WITH 2½ YEARS left in his presidency, Barack Obama finds a series of daunting global crises filling his Oval Office in-box. Countering Vladimir Putin’s aggression in Ukraine and Iran’s drive for nuclear weapons are top priorities. He must also do more to help the millions of refugees from Syria’s bloody civil war. And he and Secretary of State John Kerry may choose to circle back to the faltering Israeli-Palestinian talks. But his foreign-policy legacy will also depend on how successfully he tackles the longer-term global challenges on the horizon. Here are four that will test Obama (and his successors) in the years ahead.
Balancing partnership and competition with China. Former US ambassador Stephen Bosworth, an Asia specialist and Harvard colleague of mine, believes managing China’s rise could be the most difficult international challenge America has ever faced. On the positive side, the United States has a major economic stake in trade and investment with China. Beijing is also our primary partner on transnational challenges from terrorism to the environment and nuclear proliferation. At the same time, however, the United States and China will compete for military and political power in southern Asia and the Pacific as China begins to challenge our historic predominance in that vital region. How to juggle these competing priorities — retaining America’s number one position in Asia while keeping the peace with an increasingly powerful Beijing — is an underlying theme of Obama’s trip to the region this week.
A great leap forward on trade? Obama is negotiating two landmark free-trade agreements — the Trans-Pacific Partnership in Asia and the Transatlantic Trade and Investment Partnership with the European Union. If he can conclude both, they may well boost global growth and America’s future international power. But Congress has to agree, and prospects look grim for quick passage as the midterm elections approach. Trade exemplifies a particular challenge for this president. He has the right vision in lowering global trade barriers. But will he spend major political capital to persuade Congress, particularly reluctant Democrats, to bring these treaties across the finish line? The odds are against it.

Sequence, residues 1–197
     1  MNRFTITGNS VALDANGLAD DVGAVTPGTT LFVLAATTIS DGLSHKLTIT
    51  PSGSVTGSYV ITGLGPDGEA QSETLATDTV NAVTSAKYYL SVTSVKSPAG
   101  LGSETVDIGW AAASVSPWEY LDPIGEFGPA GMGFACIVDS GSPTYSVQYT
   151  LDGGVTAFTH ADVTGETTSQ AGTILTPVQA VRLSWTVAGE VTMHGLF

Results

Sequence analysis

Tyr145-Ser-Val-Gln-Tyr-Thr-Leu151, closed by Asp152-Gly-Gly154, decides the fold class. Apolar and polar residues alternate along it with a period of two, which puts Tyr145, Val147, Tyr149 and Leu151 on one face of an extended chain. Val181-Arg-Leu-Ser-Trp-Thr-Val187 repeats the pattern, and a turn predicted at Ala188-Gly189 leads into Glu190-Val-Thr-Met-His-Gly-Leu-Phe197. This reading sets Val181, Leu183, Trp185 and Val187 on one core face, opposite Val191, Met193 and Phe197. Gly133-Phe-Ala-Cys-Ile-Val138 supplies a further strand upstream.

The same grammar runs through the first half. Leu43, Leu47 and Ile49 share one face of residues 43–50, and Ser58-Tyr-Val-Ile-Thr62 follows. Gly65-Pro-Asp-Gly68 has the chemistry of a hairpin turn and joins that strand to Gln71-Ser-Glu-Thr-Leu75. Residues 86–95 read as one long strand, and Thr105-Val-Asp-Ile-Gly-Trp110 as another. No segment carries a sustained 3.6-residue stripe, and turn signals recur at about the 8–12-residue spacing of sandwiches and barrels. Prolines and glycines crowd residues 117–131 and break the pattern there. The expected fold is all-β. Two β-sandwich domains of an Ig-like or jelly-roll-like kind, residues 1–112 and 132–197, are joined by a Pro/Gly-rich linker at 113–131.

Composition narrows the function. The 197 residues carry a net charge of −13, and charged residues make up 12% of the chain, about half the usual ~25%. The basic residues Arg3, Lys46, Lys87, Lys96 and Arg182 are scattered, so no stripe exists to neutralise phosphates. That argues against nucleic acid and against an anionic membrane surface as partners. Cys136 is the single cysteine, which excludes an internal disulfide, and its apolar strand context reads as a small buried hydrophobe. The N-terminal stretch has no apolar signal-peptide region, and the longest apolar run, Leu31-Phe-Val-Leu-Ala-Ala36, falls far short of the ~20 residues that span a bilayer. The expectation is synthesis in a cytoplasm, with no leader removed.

Fraying relations with India and Brazil. President George W. Bush and, for a time, Obama himself enjoyed close strategic ties with these two rising powers. The US-India relationship, however, has fallen on hard times over Washington’s perceived inattention, threatened US trade sanctions on Indian pharmaceutical firms, and a bitter public dispute over the insensitive treatment of an Indian diplomat arrested in New York.
To make matters worse, the likely next prime minister, Narendra Modi, has been banned from visiting the United States since 2004 over allegations that he did not act to stop anti-Muslim killings in his state of Gujarat.
Meanwhile, at an Aspen Strategy Group foreign-policy conference near Sao Paulo last week, I heard a litany of complaints from Brazilian business and political leaders about the Snowden revelations and lack of US support for Brazil’s global ambitions.
Restoring close ties with Delhi and Brasilia will reinforce America’s global position. Obama will need to move quickly to reset relations with both following their elections this year.
Finding courage on climate change. My millennial students often say this is the great challenge of their generation — and they may be right. Obama has done more than any of his predecessors to move America in the right direction, but it has not been enough. Unless the world takes much more ambitious steps, the Intergovernmental Panel on Climate Change warns, severe global environmental consequences will ensue. Will Obama use the presidential bully pulpit to move this issue to the top of his agenda?
Obama won’t reach the finish line on all these daunting challenges before leaving the White House. But he still has time to show the international leadership that has marked our most successful foreign policy presidents. If, that is, he can find a way to strengthen America’s weakening global leadership in defiance of Tennyson’s lament that “we are not now that strength which in old days moved earth and heaven.”
Nicholas Burns is a professor of the practice of diplomacy and international politics at Harvard’s Kennedy School of Government. Follow him on Twitter @RNicholasBurns.